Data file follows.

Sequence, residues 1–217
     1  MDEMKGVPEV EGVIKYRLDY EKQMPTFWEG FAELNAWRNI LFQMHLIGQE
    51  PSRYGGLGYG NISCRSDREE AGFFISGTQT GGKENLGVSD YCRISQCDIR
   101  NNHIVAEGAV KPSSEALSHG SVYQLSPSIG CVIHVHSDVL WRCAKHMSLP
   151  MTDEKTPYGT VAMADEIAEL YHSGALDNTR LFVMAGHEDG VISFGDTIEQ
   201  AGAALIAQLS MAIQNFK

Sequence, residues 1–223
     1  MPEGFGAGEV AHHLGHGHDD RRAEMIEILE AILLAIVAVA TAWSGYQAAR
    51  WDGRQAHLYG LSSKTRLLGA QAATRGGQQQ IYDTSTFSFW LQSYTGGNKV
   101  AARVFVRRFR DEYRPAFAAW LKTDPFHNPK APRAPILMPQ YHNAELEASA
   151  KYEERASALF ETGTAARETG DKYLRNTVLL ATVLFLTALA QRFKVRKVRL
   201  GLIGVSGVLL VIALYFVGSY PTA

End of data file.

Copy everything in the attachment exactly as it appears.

Sequence, residues 1–217
     1  MDEMKGVPEV EGVIKYRLDY EKQMPTFWEG FAELNAWRNI LFQMHLIGQE
    51  PSRYGGLGYG NISCRSDREE AGFFISGTQT GGKENLGVSD YCRISQCDIR
   101  NNHIVAEGAV KPSSEALSHG SVYQLSPSIG CVIHVHSDVL WRCAKHMSLP
   151  MTDEKTPYGT VAMADEIAEL YHSGALDNTR LFVMAGHEDG VISFGDTIEQ
   201  AGAALIAQLS MAIQNFK

Sequence, residues 1–223
     1  MPEGFGAGEV AHHLGHGHDD RRAEMIEILE AILLAIVAVA TAWSGYQAAR
    51  WDGRQAHLYG LSSKTRLLGA QAATRGGQQQ IYDTSTFSFW LQSYTGGNKV
   101  AARVFVRRFR DEYRPAFAAW LKTDPFHNPK APRAPILMPQ YHNAELEASA
   151  KYEERASALF ETGTAARETG DKYLRNTVLL ATVLFLTALA QRFKVRKVRL
   201  GLIGVSGVLL VIALYFVGSY PTA